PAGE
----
A slim but penetrating biography of Lyndon B. Johnson (1908–1973).
Washington Monthly founder Peters (Five Days in Philadelphia: The Amazing “We Want Willkie!” Convention of 1940 and How It Freed FDR to Save the Western World, 2005, etc.) paints a mostly unpleasant portrait of a fiercely ambitious climber who lacked any inhibition when it came to lying, cheating, bribing and betrayal. Though he doesn’t conceal the 36th president’s ugly traits or his role in the fiasco in Vietnam, the author also stresses that, along with Franklin Roosevelt, Johnson produced the greatest reform legislation of the 20th century. The son of a Texas legislator, Johnson grew up fascinated with politics. He learned the ropes in FDR’s Washington before winning election to the House in 1937. He lost the 1941 Senate election due to his opponent’s cheating, but he learned enough to cheat his way to victory in 1948. Although an enthusiastic New Dealer, he joined the nation’s move to the right after World War II and became an equally enthusiastic Southern conservative. Accepting the obscure job of majority leader, Johnson fashioned it into a powerful office that streamlined the Senate’s moribund procedures and gave him national fame as a political wizard. Young senator John F. Kennedy rejected his staff’s opposition to choose him as running mate in 1960, believing correctly that Southern votes would determine a very close race. As president after Kennedy’s assassination, Johnson displayed his genuine concern with poverty and injustice and, unlike later presidents, the political skill to do something about it. Before delivering a painful account of Johnson’s disastrous involvement in Vietnam, Peters makes it clear that the 1964–65 civil-rights, voting-rights and Medicare legislation represent dazzling humanitarian achievements.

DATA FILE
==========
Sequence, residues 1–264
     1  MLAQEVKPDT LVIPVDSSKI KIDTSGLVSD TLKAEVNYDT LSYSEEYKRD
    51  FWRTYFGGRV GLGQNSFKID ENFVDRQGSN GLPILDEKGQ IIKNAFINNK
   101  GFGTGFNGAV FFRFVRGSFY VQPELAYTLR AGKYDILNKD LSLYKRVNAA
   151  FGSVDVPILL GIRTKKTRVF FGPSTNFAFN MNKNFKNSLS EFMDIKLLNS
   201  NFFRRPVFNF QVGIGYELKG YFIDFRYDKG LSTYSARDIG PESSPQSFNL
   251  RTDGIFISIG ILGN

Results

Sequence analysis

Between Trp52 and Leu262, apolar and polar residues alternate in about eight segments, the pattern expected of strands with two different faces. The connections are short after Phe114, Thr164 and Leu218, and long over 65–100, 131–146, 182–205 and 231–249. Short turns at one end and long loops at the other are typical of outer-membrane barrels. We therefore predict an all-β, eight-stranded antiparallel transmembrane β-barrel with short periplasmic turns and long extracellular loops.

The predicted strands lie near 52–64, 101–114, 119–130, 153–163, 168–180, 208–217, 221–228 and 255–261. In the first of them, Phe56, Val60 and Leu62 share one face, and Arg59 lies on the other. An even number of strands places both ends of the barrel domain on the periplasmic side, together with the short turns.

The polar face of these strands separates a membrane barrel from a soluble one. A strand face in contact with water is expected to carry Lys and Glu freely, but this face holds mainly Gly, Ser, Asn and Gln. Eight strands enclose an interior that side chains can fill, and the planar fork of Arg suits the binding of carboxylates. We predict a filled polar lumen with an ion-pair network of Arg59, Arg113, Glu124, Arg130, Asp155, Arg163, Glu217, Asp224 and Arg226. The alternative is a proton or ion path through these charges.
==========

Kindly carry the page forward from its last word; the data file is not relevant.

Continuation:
With the final volume yet to appear, Robert Caro’s magnificent biography is the standard-bearer, but Peters delivers a splendid short version.